Room No. 3 holds the same fate, which means it's the end of the road for Mark Gutierrez and Chelsee Oaks. Sadly, this poor girl gets nothing for having to endure the obnoxious power couple. There's more tears and hugs. And that means Room No. 4 is going to the next round as well. Steven, again, tries to play it cool, but hands the fake dismissal to J. Lo, who tells them they're going to the next round. The group includes Thia Megia, Carson Higgins, Rachel Zevita, Scotty McCreery and Julie Zorrilla. We see Room No. 1 and Room No. 4 merge in the hallway and embrace.

Next up? Las Vegas and The Beatles!

So who were your favorite contestants of the night? Did you favorites make it to the next level? Who were you sad to see go?

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It's solo time on American Idol, and thank goodness after that mostly disastrous group round.

One hundred contestants are left, stewing over their fate in a holding room, while the judges deliberate. They haven't been moved into those rooms where they're cut en masse because...it's time to rewind to the beginning of the day! Ryan Seacrest explains that, per usual, contestants will take the stage alone with an option of being backed by the band, being accompanied by their own instrument or singing a cappella.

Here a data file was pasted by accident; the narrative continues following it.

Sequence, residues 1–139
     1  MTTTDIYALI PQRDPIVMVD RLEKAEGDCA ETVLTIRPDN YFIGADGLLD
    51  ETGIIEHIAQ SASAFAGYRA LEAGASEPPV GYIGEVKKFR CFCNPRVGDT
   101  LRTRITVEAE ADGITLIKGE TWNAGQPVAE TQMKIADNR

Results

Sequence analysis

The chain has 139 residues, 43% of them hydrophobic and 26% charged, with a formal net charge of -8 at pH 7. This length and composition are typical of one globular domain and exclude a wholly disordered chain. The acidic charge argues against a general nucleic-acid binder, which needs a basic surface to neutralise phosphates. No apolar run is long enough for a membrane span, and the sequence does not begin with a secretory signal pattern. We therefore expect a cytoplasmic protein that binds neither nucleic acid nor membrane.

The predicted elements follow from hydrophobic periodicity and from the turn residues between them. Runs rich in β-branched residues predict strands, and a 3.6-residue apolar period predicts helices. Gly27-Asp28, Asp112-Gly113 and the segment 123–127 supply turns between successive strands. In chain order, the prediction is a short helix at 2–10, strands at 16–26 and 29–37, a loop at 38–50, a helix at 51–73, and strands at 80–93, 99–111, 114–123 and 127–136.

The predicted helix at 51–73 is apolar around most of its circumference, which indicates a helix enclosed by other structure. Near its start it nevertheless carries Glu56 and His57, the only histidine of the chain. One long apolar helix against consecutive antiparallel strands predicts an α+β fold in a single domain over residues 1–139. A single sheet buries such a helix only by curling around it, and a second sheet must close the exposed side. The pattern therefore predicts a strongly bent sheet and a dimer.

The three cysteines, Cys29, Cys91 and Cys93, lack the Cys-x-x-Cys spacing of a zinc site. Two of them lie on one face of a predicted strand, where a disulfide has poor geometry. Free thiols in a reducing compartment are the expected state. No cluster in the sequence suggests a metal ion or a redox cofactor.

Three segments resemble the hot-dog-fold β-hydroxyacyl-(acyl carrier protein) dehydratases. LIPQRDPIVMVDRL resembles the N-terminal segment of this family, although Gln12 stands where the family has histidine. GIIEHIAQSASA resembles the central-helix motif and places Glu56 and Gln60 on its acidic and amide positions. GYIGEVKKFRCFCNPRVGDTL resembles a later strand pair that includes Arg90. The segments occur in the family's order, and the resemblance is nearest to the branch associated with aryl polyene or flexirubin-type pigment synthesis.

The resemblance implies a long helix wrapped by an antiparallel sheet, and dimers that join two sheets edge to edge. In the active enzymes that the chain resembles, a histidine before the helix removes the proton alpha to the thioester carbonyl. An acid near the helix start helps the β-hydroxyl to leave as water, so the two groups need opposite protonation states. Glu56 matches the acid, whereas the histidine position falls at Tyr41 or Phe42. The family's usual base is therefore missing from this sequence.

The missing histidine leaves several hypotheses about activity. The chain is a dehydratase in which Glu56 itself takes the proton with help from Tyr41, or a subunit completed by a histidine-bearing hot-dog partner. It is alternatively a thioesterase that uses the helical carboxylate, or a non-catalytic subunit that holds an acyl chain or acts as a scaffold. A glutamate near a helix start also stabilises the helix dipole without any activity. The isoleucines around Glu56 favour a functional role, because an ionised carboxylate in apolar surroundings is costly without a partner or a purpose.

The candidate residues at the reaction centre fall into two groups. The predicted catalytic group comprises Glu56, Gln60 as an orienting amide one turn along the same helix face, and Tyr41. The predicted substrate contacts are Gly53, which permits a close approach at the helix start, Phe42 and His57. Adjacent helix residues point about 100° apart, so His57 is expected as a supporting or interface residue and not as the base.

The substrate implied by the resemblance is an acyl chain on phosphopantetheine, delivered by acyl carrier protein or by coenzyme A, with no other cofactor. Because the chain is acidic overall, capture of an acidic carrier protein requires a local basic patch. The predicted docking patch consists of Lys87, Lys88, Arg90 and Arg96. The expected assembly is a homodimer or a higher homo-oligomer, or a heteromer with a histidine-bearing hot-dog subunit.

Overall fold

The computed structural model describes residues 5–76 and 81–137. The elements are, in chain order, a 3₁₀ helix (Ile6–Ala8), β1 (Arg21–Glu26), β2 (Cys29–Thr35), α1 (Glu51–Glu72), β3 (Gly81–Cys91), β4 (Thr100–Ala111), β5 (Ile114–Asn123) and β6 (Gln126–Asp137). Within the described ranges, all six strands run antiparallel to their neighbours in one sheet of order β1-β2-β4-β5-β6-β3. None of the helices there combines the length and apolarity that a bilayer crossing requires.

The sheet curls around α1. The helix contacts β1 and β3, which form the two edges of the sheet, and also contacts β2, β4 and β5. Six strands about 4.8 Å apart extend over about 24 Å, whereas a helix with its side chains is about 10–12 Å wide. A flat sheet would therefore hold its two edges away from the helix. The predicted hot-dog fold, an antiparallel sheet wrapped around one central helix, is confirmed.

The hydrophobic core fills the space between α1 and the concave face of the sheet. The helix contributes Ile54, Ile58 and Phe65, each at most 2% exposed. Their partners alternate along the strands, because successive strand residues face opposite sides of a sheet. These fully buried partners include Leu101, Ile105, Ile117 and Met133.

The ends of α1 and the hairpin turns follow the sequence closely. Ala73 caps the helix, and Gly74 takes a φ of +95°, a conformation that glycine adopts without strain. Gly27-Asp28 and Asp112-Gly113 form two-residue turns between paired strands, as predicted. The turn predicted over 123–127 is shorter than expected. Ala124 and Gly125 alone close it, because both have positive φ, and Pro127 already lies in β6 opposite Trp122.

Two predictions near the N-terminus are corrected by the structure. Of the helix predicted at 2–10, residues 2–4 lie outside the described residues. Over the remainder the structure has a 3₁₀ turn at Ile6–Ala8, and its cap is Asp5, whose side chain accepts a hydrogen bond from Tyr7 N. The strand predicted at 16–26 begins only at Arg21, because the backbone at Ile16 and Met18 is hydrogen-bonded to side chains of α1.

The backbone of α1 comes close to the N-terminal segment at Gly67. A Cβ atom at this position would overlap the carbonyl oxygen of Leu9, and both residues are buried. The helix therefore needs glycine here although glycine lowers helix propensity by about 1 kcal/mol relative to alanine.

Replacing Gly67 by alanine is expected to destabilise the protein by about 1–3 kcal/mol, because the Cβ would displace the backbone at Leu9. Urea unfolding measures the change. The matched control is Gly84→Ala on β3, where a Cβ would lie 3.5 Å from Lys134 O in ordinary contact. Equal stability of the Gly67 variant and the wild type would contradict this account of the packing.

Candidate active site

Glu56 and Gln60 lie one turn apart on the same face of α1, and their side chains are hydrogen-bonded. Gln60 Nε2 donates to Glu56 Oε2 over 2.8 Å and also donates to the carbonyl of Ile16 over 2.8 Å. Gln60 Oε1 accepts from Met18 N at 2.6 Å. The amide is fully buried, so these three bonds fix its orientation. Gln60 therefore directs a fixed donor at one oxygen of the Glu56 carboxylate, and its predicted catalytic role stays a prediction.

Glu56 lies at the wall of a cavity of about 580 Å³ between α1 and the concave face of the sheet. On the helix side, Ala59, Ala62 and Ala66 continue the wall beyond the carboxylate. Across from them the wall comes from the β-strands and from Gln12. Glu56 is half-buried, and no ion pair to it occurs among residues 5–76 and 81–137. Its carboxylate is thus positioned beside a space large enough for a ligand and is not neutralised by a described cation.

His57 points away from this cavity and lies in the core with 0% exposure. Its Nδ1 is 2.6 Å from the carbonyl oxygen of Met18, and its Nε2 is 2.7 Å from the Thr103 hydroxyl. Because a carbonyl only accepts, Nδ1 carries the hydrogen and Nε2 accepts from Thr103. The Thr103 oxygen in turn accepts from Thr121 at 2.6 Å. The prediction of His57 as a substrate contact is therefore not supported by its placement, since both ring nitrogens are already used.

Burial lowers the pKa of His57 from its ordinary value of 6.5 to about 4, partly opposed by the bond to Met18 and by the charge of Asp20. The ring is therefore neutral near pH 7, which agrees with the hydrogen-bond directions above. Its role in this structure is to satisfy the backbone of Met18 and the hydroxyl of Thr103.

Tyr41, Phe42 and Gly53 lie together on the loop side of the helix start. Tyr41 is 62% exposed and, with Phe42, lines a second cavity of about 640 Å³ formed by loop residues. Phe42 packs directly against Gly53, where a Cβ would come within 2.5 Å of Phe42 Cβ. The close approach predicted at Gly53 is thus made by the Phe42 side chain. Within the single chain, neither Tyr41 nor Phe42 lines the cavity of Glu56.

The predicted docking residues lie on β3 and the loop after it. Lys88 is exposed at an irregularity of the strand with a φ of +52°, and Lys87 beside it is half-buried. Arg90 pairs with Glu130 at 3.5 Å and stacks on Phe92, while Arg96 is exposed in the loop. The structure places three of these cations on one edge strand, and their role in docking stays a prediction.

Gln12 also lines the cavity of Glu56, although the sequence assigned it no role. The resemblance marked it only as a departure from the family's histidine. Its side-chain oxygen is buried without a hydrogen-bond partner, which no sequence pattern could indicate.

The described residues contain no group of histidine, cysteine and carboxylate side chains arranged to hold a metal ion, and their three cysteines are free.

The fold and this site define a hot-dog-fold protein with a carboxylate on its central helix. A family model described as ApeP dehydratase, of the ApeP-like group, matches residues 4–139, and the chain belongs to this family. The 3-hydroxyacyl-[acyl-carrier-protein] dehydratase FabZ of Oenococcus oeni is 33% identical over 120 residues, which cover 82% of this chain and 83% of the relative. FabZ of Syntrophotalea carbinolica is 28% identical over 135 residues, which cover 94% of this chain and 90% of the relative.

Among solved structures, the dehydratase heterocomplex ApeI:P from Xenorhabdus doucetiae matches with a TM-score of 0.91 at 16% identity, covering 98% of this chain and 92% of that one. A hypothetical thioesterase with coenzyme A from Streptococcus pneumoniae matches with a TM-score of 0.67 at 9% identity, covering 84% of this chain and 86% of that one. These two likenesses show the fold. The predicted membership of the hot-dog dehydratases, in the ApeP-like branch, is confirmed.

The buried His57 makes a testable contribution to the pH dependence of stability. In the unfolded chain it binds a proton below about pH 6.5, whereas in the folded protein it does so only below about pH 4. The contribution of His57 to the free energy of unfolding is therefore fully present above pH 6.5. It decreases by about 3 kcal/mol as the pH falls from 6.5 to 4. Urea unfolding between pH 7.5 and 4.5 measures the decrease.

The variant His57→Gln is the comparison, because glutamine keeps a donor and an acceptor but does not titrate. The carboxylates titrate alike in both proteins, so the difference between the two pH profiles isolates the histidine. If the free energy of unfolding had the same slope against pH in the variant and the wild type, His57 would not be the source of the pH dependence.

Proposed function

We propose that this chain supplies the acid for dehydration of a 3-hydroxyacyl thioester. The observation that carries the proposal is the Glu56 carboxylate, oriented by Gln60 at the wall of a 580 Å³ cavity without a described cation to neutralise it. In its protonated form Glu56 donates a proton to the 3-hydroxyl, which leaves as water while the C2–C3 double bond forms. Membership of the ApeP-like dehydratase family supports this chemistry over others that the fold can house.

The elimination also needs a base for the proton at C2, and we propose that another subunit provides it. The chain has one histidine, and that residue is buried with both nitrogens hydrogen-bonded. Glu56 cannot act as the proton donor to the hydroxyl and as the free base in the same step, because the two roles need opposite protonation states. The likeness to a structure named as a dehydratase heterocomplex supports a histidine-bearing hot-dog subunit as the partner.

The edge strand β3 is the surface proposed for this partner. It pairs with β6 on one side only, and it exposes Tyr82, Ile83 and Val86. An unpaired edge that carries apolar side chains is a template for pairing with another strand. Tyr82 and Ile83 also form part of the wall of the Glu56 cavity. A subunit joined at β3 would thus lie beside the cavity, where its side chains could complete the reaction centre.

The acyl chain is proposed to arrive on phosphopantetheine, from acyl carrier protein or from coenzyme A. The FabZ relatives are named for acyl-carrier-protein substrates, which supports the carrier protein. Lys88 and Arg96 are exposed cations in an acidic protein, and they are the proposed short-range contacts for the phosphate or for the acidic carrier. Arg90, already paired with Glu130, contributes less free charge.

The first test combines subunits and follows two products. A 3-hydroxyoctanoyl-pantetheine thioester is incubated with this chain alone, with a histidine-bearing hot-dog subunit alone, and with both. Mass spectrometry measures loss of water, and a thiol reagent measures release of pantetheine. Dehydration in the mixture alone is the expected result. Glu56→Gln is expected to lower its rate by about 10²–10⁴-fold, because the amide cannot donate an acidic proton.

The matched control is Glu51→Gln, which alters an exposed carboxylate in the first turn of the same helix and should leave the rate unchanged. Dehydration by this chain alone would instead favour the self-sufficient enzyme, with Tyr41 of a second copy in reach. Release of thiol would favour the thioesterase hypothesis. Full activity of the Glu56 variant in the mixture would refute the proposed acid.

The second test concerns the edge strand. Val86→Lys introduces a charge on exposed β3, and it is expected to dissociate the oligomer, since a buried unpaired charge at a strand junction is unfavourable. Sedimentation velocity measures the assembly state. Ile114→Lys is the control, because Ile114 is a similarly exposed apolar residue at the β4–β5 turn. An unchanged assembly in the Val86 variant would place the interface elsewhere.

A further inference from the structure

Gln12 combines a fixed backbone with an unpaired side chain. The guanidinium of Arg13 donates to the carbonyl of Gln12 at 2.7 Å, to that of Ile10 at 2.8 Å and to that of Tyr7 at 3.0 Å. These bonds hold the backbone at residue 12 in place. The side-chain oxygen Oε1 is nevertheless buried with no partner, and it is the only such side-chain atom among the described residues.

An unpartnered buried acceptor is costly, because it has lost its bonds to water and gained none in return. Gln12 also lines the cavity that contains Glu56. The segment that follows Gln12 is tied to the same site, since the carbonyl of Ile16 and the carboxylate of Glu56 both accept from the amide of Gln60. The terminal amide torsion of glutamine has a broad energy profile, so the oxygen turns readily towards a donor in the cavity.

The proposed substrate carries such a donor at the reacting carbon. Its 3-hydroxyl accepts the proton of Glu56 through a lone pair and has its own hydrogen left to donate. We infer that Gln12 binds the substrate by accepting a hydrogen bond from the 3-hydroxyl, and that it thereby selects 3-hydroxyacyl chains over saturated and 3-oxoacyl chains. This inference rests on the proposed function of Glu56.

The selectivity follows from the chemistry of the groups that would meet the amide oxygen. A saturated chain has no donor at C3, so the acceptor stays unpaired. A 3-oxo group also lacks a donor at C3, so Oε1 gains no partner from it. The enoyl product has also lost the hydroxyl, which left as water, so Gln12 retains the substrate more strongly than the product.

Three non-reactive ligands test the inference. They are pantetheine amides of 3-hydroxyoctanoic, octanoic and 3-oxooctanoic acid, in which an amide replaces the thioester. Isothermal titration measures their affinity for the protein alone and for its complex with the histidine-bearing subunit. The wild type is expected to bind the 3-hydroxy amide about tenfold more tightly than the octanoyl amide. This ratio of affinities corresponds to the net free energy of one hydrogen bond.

How'd they do? Let's get down to business:

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Premiered: June 11, 2002, on FOX
Rating: TV-PG
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Premise: The smash reality series showcases wannabe pop stars competing for a record deal by crooning for a panel of judges, including, most entertainingly, the acid-tongued Simon Cowell, who departed the show in 2010 after serving for nine seasons. The judges review a performer's talent (or lack thereof), and at-home viewers then vote for their favorite potential star. The show helped launch the careers of such artists as Kelly Clarkson, Carrie Underwood, Jennifer Hudson and Adam Lambert.